Over the past 17 months, the coronavirus pandemic contributed to many circumstances that led to physical and emotional suffering. It swept through like a tropical storm on a path to destruction, leaving all types of hardship in its wake.
As the virus spread, addressing our nation’s mental health became almost as urgent as attending to our physical health. Yet despite the spike in psychological challenges at its onset, the clouds for most people parted rather quickly. Now, clinical scientists and research psychologists want to know how?
Current statistics provide proof that this pandemic was one we weathered well – or was it the storm that weathered us?
Early in the pandemic, major life changes to people’s livelihoods and health contributed to a drastic increase in cases of anxiety and depression. We could have never seen any of this coming. Nor could we have collectively prepared for the level of loss and devastation that many people faced. But given the circumstances, the dramatic rise in mental health conditions that spring was to be expected.
Once the summer of 2020 came around, the levels of reported psychological distress began to drop. Overall levels of depression and anxiety came back down to where they were before the pandemic. This prompted further curiosity among researchers who asked participants across the globe how they would rate their life on a scale of 1 to 10. It came as a surprise to see that after a few months into the pandemic, the average life satisfaction rating was the same as in the years prior.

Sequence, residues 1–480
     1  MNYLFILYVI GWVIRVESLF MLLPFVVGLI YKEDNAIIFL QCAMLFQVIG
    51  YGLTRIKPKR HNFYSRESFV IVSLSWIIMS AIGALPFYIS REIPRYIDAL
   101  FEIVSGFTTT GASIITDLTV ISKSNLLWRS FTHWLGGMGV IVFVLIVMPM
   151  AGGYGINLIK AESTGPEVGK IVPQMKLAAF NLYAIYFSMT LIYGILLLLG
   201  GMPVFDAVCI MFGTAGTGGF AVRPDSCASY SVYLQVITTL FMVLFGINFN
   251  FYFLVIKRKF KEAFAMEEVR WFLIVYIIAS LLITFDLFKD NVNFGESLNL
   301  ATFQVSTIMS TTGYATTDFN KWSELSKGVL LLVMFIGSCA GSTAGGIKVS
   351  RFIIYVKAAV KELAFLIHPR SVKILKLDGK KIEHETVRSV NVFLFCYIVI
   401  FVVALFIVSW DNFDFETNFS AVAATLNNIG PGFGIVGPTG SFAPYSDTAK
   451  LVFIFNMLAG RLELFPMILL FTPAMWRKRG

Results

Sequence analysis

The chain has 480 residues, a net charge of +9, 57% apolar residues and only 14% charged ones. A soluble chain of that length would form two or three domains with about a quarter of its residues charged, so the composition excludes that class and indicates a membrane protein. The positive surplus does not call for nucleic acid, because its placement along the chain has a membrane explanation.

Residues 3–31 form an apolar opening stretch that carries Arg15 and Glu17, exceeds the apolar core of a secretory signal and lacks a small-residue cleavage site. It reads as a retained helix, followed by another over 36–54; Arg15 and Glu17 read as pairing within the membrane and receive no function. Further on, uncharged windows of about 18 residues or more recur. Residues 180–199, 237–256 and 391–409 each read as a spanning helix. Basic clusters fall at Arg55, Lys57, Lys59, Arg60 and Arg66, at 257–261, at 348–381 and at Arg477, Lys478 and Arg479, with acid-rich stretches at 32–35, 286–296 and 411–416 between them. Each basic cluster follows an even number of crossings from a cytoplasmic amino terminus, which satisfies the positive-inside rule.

Reflecting on these numbers, it is almost as if nothing ever happened.
But that would be the wrong way to phrase it for two main reasons.
For one, some people are still facing life-changing stress and suffering. And two, there is so much that did happen – we became more resilient. The data we see now doesn’t suggest that everything is back to the way it was but that we can bounce back even when it’s not. What we now know is that we are not only capable of enduring major life challenges and changes but overcoming them.
As the pandemic persisted month after month, those who lost their jobs and encountered financial setbacks found ways to support themselves and their families through it.
Many of those who lost their loved ones realized that they could carry on emotionally. We all faced sudden lifestyle changes like working from home and maintaining social lives via Zoom.
While no person’s situation is identical to another, we have all faced similar obstacles, learning lessons along the way. And while each of us bounces back at our own pace, overall, this pandemic has shown us that the pain of negative life events seldom lasts as long as we think it will.
This pandemic required us to access our cognitive resources and apply our cool-headed abilities to consider helpful and positive paths. And if we have learned anything from this pandemic, there is so much that we already knew. The coronavirus pandemic was undoubtedly a lesson in resilience, not just because it encouraged us to make the best of the worst situations. It also showed us how resilient we already are.